Interactions of combined antidepressants which occur in man were reproduced in rats pretreated with phenelzine, features elicited including myoclonic phenomena, an augmented lower limb flexor reflex, muscle fasiculation and fatalities, particularly with combinations incorporating 5-hydroxytryptamine (5-HT) re-uptake inhibitors. Combinations of antidepressants included phenelzine with 5-HT re-uptake inhibitors (paroxetine, fluoxetine, clomipramine); with "mixed" re-uptake inhibitors affecting 5-HT and noradrenaline (imipramine, amitriptyline); with noradrenaline re-uptake inhibitors (desipramine, maprotiline, nisoxetine) and with dopamine re-uptake inhibitors (benztropine, nomifensine). Myoclonic phenomena such as forelimb flexor-extensor movements, head and body twitches, occurred in phenelzine pretreated rats after paroxetine, fluoxetine, clomipramine, imipramine, amitriptyline and desipramine. Wet dog shakes, the most intense phenomenon, were obtained only after paroxetine, fluoxetine, clomipramine and imipramine. Myoclonic features were prevented when pretreatment included p-chlorophenylalanine but were unaffected when this incorporated alpha-methyl-p-tyyrosine; there were attenuated by methysergide, cyproheptadine, clozapine or pimozide. The myoclonic phenomena were reproduced by combination of 5-hydroxytryptophan but not L-3,4-dihydroxyphenylalanine with clomipramine. Electrocortical changes observed included 2-4 Hz, 5-8 Hz, large amplitude potentials unrelated to the myoclonic incidents and unaffected by sensory stimulation. Following phenelzine, brain monoamine oxidase (MAO) A inhibition was 99% and that of MAO B, 88%; 5-HT concentration was significantly elevated in the cortex and hypothalamus, as was hypothalamic noradrenaline. Peak and basal tensions of a lower-limb flexor reflex were elevated in phenelzine pretreated spinal rats by fluoxetine, paroxetine, clomipramine and imipramine, effects attenuated by cyproheptadine. Forelimb flexor-extensor movements and body twitches were elicited by fluoxetine and paroxetine in phenelzine pretreated spinal rats in the presence of electrical stimulation of the central stump of a divided posterior tibial nerve. Pressor responses were observed in phenelzine pretreated spinal rats given 5-HT re-uptake inhibitors, "mixed" re-uptake inhibitors and those affecting noradrenaline re-uptake; ECG anomalies occurred in such rats given clomipramine.
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Loratadine, given as an adjunct to standard asthma therapy, has little if any role to play in the treatment of moderate-to-severe asthma.
The reaction of a patch test is not hampered by doubling dose of desloratadine. The anti-inflammatory effects of desloratadine on patch test reaction may be limited.
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This study was undertaken to assess the effects of coadministration of desloratadine or fexofenadine with azithromycin on pharmacokinetic parameters, tolerability, and electrocardiographic (ECG) findings.
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This study was undertaken with the objective of evaluating the pharmaceutical and chemical equivalence of some commercially available loratadine tablets, and offers a possible explanation for the therapeutic failure of the drug products.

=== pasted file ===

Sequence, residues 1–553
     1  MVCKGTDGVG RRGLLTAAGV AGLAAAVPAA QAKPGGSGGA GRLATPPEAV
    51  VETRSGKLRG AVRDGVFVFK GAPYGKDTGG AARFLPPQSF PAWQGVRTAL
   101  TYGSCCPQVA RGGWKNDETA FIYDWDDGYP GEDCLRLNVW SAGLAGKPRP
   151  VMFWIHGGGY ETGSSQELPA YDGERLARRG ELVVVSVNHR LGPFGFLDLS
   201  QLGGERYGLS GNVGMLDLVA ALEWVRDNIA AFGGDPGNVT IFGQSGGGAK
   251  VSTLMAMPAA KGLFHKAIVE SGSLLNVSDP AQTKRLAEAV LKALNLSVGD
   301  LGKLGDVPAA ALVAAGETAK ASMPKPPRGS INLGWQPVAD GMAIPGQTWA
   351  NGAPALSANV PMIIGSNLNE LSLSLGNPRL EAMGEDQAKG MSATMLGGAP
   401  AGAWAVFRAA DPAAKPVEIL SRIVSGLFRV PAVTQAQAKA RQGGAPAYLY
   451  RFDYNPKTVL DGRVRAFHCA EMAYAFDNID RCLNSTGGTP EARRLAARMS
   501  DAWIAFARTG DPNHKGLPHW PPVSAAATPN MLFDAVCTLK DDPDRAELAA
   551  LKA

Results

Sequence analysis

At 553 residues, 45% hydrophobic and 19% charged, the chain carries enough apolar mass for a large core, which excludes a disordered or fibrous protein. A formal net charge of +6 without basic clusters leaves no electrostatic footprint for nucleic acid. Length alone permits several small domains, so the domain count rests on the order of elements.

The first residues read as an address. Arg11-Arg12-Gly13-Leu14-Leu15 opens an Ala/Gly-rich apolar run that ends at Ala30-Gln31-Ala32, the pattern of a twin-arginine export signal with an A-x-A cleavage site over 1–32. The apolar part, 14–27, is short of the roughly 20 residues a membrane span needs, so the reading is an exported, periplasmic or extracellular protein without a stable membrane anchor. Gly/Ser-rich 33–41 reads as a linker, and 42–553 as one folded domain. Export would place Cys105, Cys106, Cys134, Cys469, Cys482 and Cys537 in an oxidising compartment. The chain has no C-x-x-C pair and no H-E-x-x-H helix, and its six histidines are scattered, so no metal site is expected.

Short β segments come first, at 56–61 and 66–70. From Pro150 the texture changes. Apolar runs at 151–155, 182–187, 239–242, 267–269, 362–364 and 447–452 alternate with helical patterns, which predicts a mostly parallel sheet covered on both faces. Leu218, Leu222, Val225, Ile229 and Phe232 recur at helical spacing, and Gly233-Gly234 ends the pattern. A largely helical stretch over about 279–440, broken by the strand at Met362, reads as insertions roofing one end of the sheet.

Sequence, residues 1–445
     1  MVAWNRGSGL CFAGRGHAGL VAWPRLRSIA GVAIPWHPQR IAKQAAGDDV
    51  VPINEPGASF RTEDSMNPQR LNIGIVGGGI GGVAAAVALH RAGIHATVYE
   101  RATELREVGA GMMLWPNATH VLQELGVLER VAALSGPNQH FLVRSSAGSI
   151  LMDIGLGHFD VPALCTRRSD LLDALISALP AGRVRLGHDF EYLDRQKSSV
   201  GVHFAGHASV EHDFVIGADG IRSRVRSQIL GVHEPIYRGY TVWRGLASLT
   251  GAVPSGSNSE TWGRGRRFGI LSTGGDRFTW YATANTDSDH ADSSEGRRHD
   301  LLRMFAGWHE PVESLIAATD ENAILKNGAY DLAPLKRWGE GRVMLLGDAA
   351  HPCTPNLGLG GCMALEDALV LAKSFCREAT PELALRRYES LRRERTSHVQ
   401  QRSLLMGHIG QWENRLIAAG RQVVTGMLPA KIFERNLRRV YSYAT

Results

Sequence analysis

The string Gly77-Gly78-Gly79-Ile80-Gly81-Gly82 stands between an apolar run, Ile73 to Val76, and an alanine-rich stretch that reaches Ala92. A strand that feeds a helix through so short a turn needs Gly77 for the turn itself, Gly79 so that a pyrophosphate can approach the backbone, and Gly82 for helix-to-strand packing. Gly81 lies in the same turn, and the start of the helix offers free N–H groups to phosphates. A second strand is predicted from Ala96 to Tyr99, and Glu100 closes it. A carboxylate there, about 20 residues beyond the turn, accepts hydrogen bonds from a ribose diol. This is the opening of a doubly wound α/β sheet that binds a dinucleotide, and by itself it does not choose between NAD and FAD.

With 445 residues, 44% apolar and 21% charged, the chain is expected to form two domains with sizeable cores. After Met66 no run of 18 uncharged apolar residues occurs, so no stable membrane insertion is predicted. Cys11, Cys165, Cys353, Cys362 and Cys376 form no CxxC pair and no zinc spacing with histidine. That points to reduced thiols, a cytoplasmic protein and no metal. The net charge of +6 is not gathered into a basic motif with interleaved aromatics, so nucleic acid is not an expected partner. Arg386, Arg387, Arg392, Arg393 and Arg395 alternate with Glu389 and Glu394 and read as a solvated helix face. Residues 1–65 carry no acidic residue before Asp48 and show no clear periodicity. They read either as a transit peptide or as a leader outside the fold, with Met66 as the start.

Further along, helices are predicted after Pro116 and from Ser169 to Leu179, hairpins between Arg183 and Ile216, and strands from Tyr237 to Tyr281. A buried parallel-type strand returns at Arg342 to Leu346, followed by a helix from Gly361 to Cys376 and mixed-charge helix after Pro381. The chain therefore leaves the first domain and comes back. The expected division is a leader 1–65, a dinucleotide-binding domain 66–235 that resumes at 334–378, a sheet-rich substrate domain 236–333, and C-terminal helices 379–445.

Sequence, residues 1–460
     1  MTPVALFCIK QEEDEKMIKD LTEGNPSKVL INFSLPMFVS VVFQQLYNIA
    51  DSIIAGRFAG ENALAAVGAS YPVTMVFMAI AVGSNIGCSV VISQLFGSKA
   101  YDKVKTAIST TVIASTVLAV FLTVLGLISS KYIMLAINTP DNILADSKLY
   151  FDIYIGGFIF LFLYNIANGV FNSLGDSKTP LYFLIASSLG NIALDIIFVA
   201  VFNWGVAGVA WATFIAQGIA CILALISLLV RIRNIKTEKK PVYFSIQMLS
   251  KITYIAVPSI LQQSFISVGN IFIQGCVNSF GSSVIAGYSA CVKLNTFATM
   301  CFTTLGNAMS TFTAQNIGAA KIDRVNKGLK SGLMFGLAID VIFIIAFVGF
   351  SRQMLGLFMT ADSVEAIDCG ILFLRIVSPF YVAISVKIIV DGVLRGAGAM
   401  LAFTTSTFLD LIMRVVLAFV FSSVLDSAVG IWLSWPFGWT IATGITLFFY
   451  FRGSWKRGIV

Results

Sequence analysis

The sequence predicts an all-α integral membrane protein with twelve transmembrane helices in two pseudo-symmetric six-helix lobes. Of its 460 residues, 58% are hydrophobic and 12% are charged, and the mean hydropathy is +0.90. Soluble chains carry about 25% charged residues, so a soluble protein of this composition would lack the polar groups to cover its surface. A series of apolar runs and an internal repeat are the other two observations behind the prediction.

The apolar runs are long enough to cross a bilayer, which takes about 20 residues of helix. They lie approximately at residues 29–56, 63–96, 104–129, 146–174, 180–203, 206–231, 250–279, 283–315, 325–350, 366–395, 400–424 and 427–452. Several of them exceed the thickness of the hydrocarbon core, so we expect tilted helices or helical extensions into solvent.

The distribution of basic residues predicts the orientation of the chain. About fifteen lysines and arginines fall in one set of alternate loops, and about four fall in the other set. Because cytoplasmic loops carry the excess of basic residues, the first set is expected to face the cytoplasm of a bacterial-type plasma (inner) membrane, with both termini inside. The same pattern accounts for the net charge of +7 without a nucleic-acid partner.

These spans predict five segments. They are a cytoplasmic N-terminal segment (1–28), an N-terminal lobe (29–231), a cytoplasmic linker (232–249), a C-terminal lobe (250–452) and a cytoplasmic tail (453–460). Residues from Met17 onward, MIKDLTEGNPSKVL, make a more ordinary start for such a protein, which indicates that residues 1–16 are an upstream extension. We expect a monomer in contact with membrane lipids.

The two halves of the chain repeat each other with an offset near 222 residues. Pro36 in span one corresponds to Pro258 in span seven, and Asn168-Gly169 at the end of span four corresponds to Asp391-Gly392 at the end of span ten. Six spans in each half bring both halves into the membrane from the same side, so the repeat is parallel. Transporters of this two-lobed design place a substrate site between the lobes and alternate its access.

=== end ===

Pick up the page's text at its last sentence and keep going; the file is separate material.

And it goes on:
The semi-aerobic landfill is a widely accepted landfill concept in Japan because it promotes stabilization of leachates and waste via passive aeration without using any type of mechanical equipment. Ambient air is thought to be supplied to the landfill through a perforated pipe network made of leachate collection pipe laid along the bottom and a vertically erected gas vent. However, its underlying air flow path and driving forces are unclear because empirical data from real-world landfills is inadequate. The objective of this study is to establish scientific evidence about the aeration mechanisms and air flow path by an on-site survey of a full-scale, semi-aerobic landfill. First, all passive vents located in the landfill were monitored with respect to temperature level and gas velocity in different seasons. We found a linear correlation between the outflow rate and gas temperature, suggesting that air flow is driven by a buoyancy force caused by the temperature difference between waste in the landfill and the ambient temperature. Some vents located near the landfill bottom acted as air inflow vents. Second, we conducted a tracer test to determine the air flow path between two vents, by injecting tracer gas from an air sucking vent. The resulting slowly increasing gas concentration at the neighboring vent suggested that fresh air flow passes through the waste layer toward the gas vents from leachate collection pipes, as well as directly flowing through the pipe network. Third, we monitored the temperature of gas flowing out of a vent at night. Since the temperature drop of the gas was much smaller than that of the environment, the air collected at the gas vents was estimated to flow mostly through the waste layer, i.e., the semi-aerobic landfill has considerable aeration ability under the appropriate conditions.
Data from a national pharmacy benefit management organization covering lives throughout the United States were used. The analysis included a comparison of the before and after change in prescription utilization and cost for plan sponsors that instituted 1 of 3 second-generation antihistamine (SGA) benefit responses: made no change, moved SGAs to the third tier, or restricted SGA benefits through a requirement for prior authorization. Multivariate regression analysis was used to control for differences across the study groups.
A total of 351 patients were enrolled into this 4-week, double-blind, double-dummy, randomized, parallel group study. Patients received either TAA aqueous nasal spray (220 microg) or loratadine (10 mg) once daily. Efficacy variables were rhinitis symptom changes from baseline, physician global evaluations, and the patient dropout rate due to insufficient treatment effect. Safety and quality of life also was evaluated.